Nursing Homes

Table of Contents

1. What Is a Nursing Home?

2. What Services Are Provided by Nursing Homes?

3. What Are the Benefits of Living in a Nursing Home?

4. Assisted Living vs Nursing Home: What’s the Difference?

5. Do Nursing Home Residents Receive Nursing Care Plans?

6. What Does a Typical Nursing Care Plan Look Like?

7. What Are Signs My Loved One Needs a Nursing Home?

8. What Is Respite Care?

9. Does Medicare Pay for Nursing Home Care?

10. What Are Other Ways to Pay for a Nursing Home?

11. What Questions Should I Ask When Researching Nursing Homes

12. How Do I Find Nursing Homes near Me?

1. What Is a Nursing Home?

Nursing homes, also known as skilled nursing or nursing care facilities, are residential living environments for older adults who need 24-hour medical care and assistance with performing essential everyday tasks. Nursing homes are ideal for seniors who do not require hospitalization but are not capable of being fully independent and caring for themselves. These senior living communities provide residents with the security, care, and peace of mind to continue going about their daily lives while experiencing an improved quality of life alongside peers in their same generation.

Nursing homes may offer short-term care, long-term care, or both. Short-term care—also known as critical care nursing—is for seniors in recovery from a recent surgery, injury, or acute illness who need temporary 24-hour medical care outside of a hospital setting. Many patients who receive critical care nursing move back into their homes following recovery, though some with a chronic illness may end up staying at the nursing home to receive long-term care.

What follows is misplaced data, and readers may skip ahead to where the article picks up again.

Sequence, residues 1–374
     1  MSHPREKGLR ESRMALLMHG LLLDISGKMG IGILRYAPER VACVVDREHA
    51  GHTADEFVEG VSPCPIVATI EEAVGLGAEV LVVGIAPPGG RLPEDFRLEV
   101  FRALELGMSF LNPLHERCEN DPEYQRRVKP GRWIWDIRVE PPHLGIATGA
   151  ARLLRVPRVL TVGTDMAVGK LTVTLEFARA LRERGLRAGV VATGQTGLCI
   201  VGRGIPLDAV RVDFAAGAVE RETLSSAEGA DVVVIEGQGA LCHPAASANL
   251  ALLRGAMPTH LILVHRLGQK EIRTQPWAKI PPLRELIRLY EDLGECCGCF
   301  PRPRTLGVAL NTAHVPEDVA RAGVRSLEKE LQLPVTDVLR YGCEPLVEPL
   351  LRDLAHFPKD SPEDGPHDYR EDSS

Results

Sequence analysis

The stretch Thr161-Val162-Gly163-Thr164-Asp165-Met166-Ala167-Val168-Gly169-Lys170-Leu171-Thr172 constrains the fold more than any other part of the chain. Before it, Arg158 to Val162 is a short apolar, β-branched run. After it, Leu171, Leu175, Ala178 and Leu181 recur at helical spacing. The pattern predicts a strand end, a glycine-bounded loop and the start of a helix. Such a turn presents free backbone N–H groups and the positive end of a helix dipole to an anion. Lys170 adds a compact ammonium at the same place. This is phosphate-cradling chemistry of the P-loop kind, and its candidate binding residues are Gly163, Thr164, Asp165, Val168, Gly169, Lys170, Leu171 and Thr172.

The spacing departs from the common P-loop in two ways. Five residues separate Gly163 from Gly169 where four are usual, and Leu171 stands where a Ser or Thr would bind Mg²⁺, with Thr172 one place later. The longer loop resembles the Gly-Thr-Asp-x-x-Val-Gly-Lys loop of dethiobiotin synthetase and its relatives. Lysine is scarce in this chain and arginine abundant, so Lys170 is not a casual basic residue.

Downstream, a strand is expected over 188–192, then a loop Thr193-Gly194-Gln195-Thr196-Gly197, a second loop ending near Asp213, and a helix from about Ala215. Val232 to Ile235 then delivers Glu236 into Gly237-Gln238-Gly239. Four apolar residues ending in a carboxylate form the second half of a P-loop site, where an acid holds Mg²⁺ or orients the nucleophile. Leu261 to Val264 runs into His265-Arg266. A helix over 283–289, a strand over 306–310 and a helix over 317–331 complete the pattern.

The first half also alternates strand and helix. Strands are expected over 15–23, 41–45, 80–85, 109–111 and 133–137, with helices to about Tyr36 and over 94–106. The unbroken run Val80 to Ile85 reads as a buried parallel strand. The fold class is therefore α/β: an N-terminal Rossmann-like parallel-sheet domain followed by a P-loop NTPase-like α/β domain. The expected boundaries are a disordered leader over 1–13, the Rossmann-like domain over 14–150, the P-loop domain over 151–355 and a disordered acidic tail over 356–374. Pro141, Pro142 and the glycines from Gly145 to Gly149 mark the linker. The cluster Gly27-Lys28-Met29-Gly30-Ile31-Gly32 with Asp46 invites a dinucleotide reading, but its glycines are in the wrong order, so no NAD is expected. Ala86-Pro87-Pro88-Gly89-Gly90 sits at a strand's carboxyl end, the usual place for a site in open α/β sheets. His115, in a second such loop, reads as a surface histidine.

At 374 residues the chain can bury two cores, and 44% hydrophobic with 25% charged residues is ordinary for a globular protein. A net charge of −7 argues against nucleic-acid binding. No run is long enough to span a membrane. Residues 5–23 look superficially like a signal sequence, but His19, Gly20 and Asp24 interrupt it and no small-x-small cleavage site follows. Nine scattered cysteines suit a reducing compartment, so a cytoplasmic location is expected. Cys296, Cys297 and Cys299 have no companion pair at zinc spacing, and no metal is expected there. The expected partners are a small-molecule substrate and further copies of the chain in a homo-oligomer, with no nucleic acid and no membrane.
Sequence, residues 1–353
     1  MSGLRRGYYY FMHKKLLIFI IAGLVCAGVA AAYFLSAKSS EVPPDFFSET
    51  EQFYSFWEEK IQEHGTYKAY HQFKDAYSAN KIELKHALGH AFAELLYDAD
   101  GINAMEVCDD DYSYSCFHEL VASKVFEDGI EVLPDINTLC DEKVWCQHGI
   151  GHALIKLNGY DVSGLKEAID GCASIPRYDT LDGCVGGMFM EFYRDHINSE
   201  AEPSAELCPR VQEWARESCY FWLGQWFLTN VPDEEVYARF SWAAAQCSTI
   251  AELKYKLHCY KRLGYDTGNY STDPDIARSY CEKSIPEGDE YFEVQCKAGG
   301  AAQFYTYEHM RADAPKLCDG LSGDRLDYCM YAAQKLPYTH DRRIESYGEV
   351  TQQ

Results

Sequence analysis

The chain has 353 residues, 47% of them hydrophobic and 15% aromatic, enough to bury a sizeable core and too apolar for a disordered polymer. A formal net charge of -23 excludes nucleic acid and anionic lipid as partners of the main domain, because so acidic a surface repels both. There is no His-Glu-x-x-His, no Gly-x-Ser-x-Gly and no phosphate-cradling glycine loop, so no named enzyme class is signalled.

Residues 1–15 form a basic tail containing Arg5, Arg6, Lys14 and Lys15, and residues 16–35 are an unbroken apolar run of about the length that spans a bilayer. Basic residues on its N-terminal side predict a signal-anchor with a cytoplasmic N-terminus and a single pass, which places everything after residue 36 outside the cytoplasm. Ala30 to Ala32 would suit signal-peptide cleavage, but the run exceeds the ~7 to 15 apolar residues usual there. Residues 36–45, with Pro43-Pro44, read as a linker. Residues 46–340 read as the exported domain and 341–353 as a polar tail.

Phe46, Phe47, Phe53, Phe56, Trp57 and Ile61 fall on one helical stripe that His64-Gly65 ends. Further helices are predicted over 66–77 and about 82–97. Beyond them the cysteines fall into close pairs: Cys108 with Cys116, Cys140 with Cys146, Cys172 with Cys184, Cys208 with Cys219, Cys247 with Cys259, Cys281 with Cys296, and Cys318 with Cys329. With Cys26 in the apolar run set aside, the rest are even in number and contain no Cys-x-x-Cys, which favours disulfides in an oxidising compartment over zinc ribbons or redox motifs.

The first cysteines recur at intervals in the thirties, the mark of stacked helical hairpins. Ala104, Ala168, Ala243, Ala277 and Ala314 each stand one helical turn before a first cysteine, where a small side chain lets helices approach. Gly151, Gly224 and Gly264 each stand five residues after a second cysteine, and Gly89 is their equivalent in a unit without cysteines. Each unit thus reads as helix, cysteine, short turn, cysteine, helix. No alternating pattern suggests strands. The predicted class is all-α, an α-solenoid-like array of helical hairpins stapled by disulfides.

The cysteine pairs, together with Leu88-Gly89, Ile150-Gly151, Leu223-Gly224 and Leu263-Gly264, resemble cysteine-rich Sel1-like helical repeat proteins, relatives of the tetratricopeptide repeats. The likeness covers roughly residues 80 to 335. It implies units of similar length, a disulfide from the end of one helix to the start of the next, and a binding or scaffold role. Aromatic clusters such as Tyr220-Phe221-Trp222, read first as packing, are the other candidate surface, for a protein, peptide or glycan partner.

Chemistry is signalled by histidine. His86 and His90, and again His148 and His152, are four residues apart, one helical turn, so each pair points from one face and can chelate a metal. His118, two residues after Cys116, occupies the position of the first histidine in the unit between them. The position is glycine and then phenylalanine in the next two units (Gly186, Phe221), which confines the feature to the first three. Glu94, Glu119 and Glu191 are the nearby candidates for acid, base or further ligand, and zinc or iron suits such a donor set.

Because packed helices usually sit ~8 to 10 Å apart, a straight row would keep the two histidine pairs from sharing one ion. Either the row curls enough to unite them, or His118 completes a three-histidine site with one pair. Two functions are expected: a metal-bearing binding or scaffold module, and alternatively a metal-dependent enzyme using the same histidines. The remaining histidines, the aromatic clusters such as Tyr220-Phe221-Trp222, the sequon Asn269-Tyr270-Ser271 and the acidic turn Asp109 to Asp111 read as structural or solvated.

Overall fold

Long-term nursing care is for seniors with dementia and cognitive disorders such as Alzheimer’s disease who may need specialized memory care services. Long-term nursing care is also for seniors with a chronic or terminal illness that requires ongoing and immediate access to a high level of medical care. Seniors who receive long-term care usually stay at nursing homes for the remainder of their lives, and end up building meaningful relationships with nursing staff and other residents to benefit from an enhanced quality of life.

2. What Services Are Provided by Nursing Homes?

Nursing homes offer a wide range of services that will vary for each patient based on their level of care and on whether they receive short- or long-term nursing care. Generally, most nursing homes offer the same set of services based on federal requirements. These services include: